After two straight weeks of GOP and Democratic convention mania, there are few moments that seem to really have resonated virally with the public. One that stands out is at the DNC—the heart-breaking and direct speech by Khizr Khan, father of Captain Humayun Khan, who died in Iraq in 2004 trying to protect his men from a suicide bomber.
In the much-shared speech, Khan addresses GOP Presidential Candidate Donald Trump directly: “Donald Trump, I ask you, have you even read the United States Constitution. I will gladly lend you my copy. In this document, look for the words, liberty and equal protection of law.” Khan punctuated his speech by pulling a copy of the constitution out of his pocket.
Khan, a Gold Star parent, Pakistani immigrant, and Muslim, was one of the most visible examples of Asian American voices on the political stage.
It’s not just on the Democratic side either (though Politico notes that Khan is not a registered Democrat). Louisiana Governor Bobby Jindal may have dropped out of the Presidential race after just five months last year, but he was the first Indian American to run for office—and though critical of Trump, he has endorsed the GOP nominee.
These are just some of the Asian American players in the current political sphere. Beyond electoral politics, Asian Americans have also been key players as politically-engaged community members, including the late Detroit-based activist, Grace Lee Boggs.
Asian Pacific American voters are a force to be reckoned with. According to APIA Vote, there are nearly six million eligible Asian American voters in the Unites States today, looking to double by the year 2040. More significantly, in states like Nevada, Virginia, and California, Asian American voters are more than 5 percent of those states’ electorate—meaning that they can make a real difference.
Binge-watching Asian American political documentaries this month might be the best way to continue to think about the reaches of Asian American political power, whether as history-making politicians or social activists. Here’s a round-up of several films available now:
Patsy Mink: Ahead of the Majority (2008)
Directed by Kimberlee Bassford
In this moving tribute to Patsy Takemoto Mink—the first Asian American and woman of color in the United States Congress—you learn not only about the barriers that Mink broke in her political career, but that she was a fierce leftist, speaking out against Nixon and the Vietnam War, pushing Title IX Legislation through, and fighting to protect Welfare rights for the poor, a battle she ultimately lost. This film has a real backbone of pride leaves you feeling uplifted and positive about the possibilities of the electoral system. Mink even ran for President in 1972, making her one of the first women to run.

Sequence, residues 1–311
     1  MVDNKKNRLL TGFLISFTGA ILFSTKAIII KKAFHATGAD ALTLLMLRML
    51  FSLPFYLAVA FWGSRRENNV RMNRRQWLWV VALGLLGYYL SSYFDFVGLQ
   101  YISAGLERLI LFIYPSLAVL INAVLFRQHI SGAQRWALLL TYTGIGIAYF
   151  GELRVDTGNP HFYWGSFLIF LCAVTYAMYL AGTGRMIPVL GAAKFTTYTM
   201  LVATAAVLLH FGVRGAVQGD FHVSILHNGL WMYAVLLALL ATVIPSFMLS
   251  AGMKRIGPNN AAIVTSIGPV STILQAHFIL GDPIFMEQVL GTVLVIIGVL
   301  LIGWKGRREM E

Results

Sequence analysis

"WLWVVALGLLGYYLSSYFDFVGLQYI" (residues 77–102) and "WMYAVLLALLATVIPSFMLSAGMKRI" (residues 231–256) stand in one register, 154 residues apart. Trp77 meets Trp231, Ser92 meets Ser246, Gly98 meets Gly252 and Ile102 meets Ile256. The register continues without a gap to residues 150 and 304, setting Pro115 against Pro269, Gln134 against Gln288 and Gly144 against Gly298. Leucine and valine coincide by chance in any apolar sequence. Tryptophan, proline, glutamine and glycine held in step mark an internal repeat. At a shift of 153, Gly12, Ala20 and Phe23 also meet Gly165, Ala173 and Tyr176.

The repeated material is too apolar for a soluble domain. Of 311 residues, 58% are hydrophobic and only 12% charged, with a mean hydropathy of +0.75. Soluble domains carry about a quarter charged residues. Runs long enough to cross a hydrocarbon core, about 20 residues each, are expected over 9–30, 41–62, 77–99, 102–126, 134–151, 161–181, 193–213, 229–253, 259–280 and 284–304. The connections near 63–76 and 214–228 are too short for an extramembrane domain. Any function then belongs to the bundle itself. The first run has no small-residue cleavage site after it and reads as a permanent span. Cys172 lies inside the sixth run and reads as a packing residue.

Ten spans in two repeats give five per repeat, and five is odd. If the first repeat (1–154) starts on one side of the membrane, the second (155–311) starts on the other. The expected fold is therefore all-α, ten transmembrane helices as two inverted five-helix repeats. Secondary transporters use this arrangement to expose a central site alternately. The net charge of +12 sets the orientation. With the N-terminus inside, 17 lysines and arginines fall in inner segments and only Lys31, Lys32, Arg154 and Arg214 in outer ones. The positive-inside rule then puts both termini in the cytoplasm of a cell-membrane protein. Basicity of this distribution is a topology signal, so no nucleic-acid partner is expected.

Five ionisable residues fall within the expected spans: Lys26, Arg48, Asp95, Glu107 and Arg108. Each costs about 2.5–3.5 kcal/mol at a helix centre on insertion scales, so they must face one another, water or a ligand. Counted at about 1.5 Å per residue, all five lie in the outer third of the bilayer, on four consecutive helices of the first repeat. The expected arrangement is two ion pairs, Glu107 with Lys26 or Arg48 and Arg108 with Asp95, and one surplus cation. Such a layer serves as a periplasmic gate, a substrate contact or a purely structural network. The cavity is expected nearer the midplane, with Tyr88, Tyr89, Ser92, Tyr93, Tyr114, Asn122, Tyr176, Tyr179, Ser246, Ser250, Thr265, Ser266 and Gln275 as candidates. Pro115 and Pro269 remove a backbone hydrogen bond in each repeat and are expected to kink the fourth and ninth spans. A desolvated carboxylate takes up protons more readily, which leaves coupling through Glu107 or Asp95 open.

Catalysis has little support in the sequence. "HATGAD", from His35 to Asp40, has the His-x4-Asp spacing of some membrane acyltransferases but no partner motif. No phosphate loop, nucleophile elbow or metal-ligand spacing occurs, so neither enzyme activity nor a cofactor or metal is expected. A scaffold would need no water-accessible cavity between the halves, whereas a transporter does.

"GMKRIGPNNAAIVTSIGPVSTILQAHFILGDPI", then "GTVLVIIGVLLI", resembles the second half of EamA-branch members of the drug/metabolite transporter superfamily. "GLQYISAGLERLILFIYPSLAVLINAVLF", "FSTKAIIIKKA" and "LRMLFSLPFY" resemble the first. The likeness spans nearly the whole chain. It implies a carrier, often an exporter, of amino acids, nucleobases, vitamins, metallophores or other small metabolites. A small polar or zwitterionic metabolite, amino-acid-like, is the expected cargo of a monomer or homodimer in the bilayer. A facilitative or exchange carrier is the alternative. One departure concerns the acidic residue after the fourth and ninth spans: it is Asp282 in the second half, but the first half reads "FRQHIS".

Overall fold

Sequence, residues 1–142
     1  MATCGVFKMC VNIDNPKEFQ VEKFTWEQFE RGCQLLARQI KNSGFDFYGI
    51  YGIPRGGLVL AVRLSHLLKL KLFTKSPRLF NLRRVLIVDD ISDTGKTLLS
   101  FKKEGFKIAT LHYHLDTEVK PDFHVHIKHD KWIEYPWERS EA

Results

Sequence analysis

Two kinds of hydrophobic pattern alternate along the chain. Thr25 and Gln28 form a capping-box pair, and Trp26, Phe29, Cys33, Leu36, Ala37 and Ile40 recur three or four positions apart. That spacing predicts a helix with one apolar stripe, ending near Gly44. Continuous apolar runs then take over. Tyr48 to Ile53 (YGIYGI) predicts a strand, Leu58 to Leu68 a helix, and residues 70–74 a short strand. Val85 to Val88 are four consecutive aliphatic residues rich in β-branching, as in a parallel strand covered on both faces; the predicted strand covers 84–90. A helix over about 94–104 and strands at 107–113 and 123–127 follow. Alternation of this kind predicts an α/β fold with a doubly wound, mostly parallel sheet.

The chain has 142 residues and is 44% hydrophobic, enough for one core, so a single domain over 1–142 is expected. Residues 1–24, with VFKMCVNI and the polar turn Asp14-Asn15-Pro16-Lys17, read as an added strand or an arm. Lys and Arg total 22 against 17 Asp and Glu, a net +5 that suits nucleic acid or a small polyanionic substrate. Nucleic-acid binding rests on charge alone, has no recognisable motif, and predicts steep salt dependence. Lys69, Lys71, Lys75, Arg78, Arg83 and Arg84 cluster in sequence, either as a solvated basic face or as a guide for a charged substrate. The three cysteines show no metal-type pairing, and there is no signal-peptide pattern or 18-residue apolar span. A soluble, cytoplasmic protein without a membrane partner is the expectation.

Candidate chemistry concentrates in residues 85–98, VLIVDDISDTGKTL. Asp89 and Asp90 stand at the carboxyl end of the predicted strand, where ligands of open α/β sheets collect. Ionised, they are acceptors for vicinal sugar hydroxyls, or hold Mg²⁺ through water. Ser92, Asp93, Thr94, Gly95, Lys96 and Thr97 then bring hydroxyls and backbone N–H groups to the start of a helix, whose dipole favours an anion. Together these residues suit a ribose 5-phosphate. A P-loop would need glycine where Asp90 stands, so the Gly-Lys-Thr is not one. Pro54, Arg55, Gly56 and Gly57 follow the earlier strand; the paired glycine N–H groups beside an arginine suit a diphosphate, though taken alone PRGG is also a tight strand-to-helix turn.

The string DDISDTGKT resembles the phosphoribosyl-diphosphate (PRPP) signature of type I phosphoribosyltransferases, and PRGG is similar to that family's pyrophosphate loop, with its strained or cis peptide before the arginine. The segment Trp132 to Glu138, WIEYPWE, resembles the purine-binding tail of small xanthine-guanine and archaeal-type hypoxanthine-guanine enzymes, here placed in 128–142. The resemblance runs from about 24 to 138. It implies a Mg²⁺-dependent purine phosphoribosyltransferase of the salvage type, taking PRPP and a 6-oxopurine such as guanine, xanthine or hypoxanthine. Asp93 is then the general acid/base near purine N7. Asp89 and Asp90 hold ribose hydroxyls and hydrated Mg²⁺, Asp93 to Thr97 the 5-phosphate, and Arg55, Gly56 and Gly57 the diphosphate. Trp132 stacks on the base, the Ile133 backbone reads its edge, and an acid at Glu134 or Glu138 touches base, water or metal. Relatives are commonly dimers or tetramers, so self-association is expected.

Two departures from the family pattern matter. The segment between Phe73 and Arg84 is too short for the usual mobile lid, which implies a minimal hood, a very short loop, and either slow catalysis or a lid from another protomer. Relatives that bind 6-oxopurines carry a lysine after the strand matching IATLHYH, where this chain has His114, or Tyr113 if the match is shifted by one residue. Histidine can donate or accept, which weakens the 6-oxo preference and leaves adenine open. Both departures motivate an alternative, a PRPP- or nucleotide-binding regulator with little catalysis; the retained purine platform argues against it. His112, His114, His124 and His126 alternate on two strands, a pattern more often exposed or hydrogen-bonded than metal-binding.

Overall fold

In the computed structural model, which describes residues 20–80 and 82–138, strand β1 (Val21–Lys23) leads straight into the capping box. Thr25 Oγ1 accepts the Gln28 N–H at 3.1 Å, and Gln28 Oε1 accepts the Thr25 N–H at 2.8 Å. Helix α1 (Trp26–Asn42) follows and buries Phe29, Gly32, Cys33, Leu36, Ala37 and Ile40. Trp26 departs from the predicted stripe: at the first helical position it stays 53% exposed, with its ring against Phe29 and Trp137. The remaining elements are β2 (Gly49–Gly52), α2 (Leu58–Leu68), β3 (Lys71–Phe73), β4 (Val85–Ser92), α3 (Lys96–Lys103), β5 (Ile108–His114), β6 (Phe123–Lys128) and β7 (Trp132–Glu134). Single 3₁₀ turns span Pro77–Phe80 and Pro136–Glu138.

Mr. Cao Goes to Washington (2013)
Directed by S. Leo Chiang
A fascinating look at Louisiana GOP Congressman Joseph Cao, who became the first Vietnamese American elected to congress. Cao won for Louisiana’s 2nd District, the first time a GOP candidate won in that district since 1891, due to a bribery scandal that the long-time incumbent found himself mired in just before the election. During Cao’s short-lived time in Congress, he stood out as being the only member of the Republican party to vote for Obama’s Health Care plan. The film portrays Cao as a naïve family man who makes a major move to national politics, but more than that, explores his role as an Asian American political leader representing a mostly Black district. Cao’s tenure in Washington may have been ultimately pretty short, but the film riffs nicely on the Frank Capra 1939 narrative (Mr. Smith Goes to Washington) about a small-town man facing the corruptions of national politics. Cao is a good example of what Asian American Republicans can contribute to the party.
American Revolutionary: The Evolution of Grace Lee Boggs (2014)
Directed by Grace Lee
Grace Lee spent over ten years capturing the life and times of Asian American activist and former Black Power Movement leader Grace Lee Boggs, and the result in an intimate view of one of the most significant Asian American heroes of our times. This film not only puts Grace Lee Boggs’ life into context, but showcases her resilience and joyous personality, especially in her beloved Detroit. This film seems especially relevant in this time when Asian Americans are asking themselves how they can support movements like Black Lives Matter. This documentary inspires viewers to be fearless, but most importantly to put love and community at the center of your life’s actions. This one should be required viewing for the nation on Wednesday November 9th, no matter what happens.
These films are now available on Comcast on Demand throughout the month of August, brought to you by the Center for Asian American Media.